If you are the sole developer or if you hold the copyright on all the code for other reasons, you can do with it as you please. The model you mentioned is using a strong copy-left license and selling exceptions to it. People who want to use your code in non-free software have to pay for this exception and they then get your code under a different license. ...


5

Interesting question - even after a few reads of the AGPLv3.0, I do not see where it requires you to make the source code available if you run an unmodified copy of the software on your server. However, the FSF's page about the motivation to use the AGPL, Why the Affero GPL, contains the following claim: If some program on this server is released under ...


5

The Short Answer: No The Long Answer: The derivative definition is based on copyright law and not a license, and I can't see how a remote web services interface could ever be construed as anything other than separate from the server involved. You are interacting with a service, not including it in your code. A service provider MAY be able to constrain ...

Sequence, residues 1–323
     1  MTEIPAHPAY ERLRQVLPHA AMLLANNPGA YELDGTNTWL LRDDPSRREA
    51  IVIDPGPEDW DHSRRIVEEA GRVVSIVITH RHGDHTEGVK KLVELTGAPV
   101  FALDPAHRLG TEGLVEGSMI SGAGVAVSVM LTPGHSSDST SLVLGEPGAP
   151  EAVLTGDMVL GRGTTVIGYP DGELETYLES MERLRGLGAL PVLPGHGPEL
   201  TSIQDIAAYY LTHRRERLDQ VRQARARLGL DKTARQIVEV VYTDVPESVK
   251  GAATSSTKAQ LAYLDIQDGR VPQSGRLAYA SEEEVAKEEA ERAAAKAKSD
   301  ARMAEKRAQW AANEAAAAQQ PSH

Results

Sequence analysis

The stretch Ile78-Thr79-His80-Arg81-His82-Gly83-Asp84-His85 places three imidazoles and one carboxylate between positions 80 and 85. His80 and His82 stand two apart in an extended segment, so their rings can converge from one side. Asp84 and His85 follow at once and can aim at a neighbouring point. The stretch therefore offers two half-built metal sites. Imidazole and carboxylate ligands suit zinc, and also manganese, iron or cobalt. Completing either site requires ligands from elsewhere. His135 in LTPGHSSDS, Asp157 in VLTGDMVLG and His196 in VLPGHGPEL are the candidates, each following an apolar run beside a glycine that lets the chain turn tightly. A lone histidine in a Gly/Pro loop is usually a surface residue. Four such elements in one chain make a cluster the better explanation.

5

In other words: What should I point out in my CLA? Do I need any other contract with the contributor? What are the typical pitfalls to watch out for? In order to offer both licenses, you would need to be and stay the primary or sole copyright holder. You would effectively need a CLA where contributors grant you enough rights to relicense using both licenses ...


5

No, the licenses would apply identically, as in both cases the program is being conveyed to the end user. The AGPL's additional clause only applies when the user interacts with but does not receive the program. I would note that both the GPL and AGPL define "source code" as "the preferred form of the work for making modifications to it". This means that if ...